NEW YORK: Treasury yields rose on Friday after the US employment report for December came in more robust than expected, and on the back of US equities, which hit session highs as Federal Reserve Chair Jerome Powell struck a dovish tone in a roundtable interview.
Powell's remark that the Fed would adjust its rate-hiking policy if economic conditions demanded it sent investors into riskier assets, benefiting stocks and lowering Treasury prices, and reversing some of the effects of this week's financial market fluctuations.
"Powell pushed back a bit on the narrative of 'no rate hikes in 2019', which seems to have pervaded the bond markets over the last four weeks," said Guy LeBas, chief fixed income strategist at Janney Montgomery Scott LLC.
"At the same time, he expressed a sensitivity to weaker financial market conditions. The net impact is likely to be a bit more selling pressure in the interest rate sector."
US equities prices have swung wildly in the first week of the year, retreating in fits and starts on evidence of a global economic slowdown. China this week posted data showing factory activity contracted in December for the first time in 19 months, and there is evidence of weak manufacturing across much of Europe and Asia. Slowing iPhone sales in China also led Apple Inc to issue a revenue warning ahead of its next quarterly earnings report.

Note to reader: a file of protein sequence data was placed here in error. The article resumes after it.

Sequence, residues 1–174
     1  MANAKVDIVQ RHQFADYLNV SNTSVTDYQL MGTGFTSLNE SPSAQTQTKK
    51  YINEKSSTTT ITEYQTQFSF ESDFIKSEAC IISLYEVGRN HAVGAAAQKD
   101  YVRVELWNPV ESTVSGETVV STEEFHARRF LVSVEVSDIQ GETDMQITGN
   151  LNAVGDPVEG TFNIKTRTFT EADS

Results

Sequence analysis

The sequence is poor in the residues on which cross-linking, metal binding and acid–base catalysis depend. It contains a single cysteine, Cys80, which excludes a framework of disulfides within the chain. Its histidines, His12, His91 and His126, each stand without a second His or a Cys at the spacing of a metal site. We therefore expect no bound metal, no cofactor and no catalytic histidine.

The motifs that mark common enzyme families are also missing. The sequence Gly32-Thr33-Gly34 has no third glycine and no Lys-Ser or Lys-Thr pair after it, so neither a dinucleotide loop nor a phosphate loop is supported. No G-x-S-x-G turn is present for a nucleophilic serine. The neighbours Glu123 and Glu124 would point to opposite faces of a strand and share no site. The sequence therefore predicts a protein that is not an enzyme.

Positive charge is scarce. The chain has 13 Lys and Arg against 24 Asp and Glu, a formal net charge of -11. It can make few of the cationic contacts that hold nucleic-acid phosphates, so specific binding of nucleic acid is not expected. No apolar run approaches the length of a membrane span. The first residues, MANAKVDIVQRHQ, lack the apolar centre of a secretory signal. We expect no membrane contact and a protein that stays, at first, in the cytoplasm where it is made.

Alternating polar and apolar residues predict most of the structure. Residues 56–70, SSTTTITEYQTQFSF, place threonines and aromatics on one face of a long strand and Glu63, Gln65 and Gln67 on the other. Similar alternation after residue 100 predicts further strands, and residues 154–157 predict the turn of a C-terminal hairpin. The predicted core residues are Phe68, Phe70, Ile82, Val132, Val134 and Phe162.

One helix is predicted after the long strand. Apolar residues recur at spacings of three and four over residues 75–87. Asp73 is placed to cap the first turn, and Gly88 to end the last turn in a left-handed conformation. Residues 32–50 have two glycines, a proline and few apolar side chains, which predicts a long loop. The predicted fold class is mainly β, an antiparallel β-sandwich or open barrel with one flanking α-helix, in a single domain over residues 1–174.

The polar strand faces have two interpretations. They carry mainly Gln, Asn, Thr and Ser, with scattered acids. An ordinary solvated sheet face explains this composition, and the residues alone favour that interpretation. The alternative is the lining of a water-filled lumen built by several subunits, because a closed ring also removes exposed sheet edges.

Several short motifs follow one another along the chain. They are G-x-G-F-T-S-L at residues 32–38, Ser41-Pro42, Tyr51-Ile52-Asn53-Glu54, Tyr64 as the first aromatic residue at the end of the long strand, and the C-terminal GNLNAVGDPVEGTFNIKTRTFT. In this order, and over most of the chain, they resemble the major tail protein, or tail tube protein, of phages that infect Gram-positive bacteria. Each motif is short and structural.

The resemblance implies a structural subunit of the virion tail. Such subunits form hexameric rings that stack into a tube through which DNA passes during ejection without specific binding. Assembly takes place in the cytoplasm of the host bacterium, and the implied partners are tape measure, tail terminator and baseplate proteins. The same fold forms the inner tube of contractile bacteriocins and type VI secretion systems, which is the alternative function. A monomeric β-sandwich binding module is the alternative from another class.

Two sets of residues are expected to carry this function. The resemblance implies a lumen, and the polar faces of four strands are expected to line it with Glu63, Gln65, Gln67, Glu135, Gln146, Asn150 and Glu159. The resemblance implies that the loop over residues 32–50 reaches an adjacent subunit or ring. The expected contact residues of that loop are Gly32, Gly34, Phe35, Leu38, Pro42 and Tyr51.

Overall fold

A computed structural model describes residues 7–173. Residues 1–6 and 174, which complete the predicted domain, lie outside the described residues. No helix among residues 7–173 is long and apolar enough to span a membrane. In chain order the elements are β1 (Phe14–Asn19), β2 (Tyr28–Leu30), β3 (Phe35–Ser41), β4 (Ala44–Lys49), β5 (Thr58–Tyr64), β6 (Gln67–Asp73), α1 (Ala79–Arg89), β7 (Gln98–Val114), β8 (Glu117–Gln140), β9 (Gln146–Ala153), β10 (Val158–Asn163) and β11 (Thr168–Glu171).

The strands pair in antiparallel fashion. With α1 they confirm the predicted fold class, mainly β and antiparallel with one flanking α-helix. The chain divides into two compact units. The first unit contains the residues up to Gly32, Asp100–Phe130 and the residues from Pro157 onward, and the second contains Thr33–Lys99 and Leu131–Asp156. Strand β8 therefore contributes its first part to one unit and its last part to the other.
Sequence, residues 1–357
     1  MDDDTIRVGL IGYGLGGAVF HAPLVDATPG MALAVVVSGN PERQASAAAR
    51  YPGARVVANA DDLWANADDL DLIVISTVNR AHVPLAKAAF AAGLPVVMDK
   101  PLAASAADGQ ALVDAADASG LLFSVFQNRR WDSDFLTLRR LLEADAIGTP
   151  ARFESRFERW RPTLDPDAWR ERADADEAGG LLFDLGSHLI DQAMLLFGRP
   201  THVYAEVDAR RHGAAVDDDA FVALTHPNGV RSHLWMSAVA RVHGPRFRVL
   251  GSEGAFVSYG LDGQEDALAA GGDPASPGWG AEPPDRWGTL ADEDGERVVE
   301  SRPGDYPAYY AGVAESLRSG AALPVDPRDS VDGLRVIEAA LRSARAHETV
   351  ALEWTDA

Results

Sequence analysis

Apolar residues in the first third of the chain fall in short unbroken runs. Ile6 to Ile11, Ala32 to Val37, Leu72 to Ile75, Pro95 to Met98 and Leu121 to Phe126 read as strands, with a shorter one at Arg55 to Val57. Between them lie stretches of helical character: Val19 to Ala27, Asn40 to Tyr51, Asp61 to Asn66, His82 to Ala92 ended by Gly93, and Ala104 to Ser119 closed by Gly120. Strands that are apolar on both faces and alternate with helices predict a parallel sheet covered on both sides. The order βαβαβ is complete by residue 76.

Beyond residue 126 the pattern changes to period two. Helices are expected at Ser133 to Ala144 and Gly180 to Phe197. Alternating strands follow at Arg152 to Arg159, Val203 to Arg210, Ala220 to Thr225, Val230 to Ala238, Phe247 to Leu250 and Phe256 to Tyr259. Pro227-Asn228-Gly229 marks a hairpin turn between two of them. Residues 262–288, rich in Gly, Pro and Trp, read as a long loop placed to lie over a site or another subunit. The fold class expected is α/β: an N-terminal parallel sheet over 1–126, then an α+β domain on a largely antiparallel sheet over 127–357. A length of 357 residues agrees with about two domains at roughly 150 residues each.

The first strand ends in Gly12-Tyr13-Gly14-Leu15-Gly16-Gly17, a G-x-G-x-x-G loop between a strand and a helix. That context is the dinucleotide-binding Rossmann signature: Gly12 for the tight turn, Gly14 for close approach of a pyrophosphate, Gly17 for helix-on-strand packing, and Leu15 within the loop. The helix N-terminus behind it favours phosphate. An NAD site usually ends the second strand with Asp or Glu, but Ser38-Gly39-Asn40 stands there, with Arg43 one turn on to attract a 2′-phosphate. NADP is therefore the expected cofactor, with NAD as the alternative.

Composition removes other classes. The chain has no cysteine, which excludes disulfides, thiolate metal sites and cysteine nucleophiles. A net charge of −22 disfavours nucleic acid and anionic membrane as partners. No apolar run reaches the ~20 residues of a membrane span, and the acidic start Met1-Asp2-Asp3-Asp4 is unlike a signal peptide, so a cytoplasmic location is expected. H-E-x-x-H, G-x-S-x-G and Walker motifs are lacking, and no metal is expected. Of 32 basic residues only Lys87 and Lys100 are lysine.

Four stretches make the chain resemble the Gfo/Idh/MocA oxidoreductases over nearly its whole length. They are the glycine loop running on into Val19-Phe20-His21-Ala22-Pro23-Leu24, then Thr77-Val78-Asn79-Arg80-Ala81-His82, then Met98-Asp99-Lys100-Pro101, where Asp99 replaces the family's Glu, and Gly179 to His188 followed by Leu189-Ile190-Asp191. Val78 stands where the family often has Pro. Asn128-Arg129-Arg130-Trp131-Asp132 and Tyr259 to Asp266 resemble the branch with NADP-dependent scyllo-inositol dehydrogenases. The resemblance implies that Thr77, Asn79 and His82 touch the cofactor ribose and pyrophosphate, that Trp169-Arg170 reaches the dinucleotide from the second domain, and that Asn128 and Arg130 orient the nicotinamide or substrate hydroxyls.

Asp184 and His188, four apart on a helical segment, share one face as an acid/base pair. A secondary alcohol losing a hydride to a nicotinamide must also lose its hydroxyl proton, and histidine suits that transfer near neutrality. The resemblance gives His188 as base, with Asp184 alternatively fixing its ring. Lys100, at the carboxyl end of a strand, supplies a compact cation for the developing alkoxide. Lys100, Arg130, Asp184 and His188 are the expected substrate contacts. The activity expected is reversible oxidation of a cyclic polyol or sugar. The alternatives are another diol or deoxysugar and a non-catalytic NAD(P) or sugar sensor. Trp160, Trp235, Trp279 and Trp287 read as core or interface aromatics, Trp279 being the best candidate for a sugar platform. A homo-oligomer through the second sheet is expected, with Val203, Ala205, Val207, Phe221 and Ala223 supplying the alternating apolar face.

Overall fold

When asked by the moderator of the American Economic Association conference panel on which Powell appeared alongside former chairs Janet Yellen and Ben Bernanke, he stated his commitment to the political independence of the central bank, also a boon for markets.
Treasury yields had already been rising after the stronger-than-expected employment report showed employers hired the most workers in 10 months in December while boosting wages. The Labor Department reported that nonfarm payrolls rose by 312,000 jobs versus an expected 177,000.
Rates across maturities were up, with the biggest gains in the middle of the yield curve. The five-year note yield was up 11 basis points at 2.48 percent, just below the two-year yield. The spread between two- and five-year notes first inverted on Dec. 3 and has been hovering around zero since then.
The spread between two- and 10-year yields is the conventional measure of the yield curve, the inversion of which is a strong indicator of recession. Spreads along the curve, like that between two- and five-year yields, however, tend to invert before the two- and 10-year spread.
The benchmark 10-year government yield was last at 2.65 percent, up 10 basis points from Thursday's close.